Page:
The Doctrine of Election
Reasearch Question: “What is Romans 9 trying to teach about election?”
You would present the possible answers you come up with in your research. These should include:
-Romans 9 is teaching corporate election unto salvation.
-Romans 9 is teaching about election to earthly service and privilege, but does not directly connect to salvation.
-Romans 9 uses examples of election, earthly or otherwise, to teach that God specifically elects individuals to salvation.
You weigh these, AND ANY OTHERS, options with the evidence from the text and prove one to be correct.
The Purpose of a Theological Research Paper
The goal of a research paper is not merely to report about your readings or to piece together a string of quotations (or paraphrases) related to your topic. Instead, a research paper must be a creative theological reflection on a relevant issue while recognizing the established scholars who helped you in that endeavor. Research papers must attempt to prove a point (thesis). They are not “surveys” of material. They must be thoroughly documented. Your opinion is not asked for until the conclusion. Note that “opinion” here is being used in the precise sense of “self-report.” A supported, documented view of an object is not an opinion. “I like Calvinism” is an opinion. “After a careful review, the language of Romans 9 is better support for Calvinism than Arminianism” is not.
“Creative theological reflection” implies staying away from those academic cardinal sins:
Plagiarism: Literally “kidnapping,” to steal and pass off the ideas or words of another as one’s own, to use another’s work without crediting the source (Webster). To steer clear of such “accidents,” you must reference all direct quotes, paraphrases, and original ideas borrowed from someone else. Avoid close paraphrase, as discussed in Turabian, and be sure to use quotation marks to distinguish verbatim use of the words of another.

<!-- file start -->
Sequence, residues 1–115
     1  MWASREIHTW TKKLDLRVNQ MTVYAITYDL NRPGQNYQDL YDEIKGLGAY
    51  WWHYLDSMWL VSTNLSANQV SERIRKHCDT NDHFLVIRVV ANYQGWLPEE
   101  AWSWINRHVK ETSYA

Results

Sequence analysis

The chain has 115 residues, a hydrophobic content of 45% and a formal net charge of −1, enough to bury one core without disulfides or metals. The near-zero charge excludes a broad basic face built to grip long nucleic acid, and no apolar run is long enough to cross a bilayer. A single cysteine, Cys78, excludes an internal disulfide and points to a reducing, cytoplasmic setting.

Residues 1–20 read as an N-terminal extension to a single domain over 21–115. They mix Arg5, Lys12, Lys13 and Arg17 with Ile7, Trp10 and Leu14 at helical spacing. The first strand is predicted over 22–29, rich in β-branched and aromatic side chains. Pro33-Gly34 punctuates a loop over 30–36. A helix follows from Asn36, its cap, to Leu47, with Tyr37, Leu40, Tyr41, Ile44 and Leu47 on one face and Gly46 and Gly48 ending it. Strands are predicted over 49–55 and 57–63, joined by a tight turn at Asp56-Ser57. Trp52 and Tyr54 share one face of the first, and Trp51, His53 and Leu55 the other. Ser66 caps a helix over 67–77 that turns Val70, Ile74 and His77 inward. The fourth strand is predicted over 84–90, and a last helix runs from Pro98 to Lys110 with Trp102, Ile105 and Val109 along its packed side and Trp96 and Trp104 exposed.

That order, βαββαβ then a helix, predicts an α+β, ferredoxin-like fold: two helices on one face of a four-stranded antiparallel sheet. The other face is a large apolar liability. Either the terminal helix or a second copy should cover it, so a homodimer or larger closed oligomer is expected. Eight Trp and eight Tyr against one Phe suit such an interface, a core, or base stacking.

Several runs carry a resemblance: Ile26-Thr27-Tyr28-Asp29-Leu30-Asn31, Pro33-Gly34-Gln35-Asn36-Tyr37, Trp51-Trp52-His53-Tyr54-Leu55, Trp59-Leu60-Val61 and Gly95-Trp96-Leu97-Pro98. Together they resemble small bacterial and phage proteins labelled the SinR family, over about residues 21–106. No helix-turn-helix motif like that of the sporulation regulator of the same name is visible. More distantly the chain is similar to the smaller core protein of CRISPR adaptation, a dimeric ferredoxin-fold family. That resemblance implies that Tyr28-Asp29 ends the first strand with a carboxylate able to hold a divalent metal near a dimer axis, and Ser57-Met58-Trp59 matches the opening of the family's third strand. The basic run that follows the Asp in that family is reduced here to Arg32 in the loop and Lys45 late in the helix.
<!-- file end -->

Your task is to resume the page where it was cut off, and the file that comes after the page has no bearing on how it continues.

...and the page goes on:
Recycling: Submitting a paper that was originally written and/or submitted (whether in the current shape and form or not) for another course without your instructor’s permission.
Excessive direct quotations: A research paper is not intended to be just a collection of direct quotations of works that are not your own (even if they are well documented) with your only contribution to the process being well-formulated transitions between quotes along with an introduction and a conclusion. Quotations are evidence you provide in support of the argument you are making, but you must make the argument. As a rule of thumb, only quote when necessary. This is when you cannot paraphrase the author’s words without losing the substance of his/her thoughts or when your argument requires the exact wording of the writer. Note that your argument does require the exact wording to provide evidence to support key critical points you make.
Research Papers must be 12–15 pages. They must be written in current Turabian format. Misspellings, grammatical errors, poor syntax, excessive use of the first person, or failure to comply with all structural/content criteria will count against the grade.
The paper will be screened through software that checks to make sure your composition is original. Be sure that you have properly documented everything that you found in the sources you used in your research and composition of your paper.
The content of this paper must focus on 4 specific areas. First, you must identify a specific theological foundation of the Christian faith (see broad topic above). Second, you must summarize the key doctrinal aspects of your chosen topic. Third, you must prove something (your thesis) about this chosen theological foundation as it relates to the ongoing conversation within historic and orthodox Christianity. Finally, you must demonstrate competence in interpreting biblical texts according to historical-critical literary standards as well as integrity in properly representing and documenting theological positions related to the chosen topic.
You must use current Turabian style, a standard for seminaries, for this research paper. Since this is a graduate-level course, papers must be written to a near-thesis standard. That is, minimum format standards must be met, as defined below. English grammar, idioms, and spelling must be up to graduate level (you are writing a research paper, not a casual letter). Qualities valued include clarity, succinctness, and precision.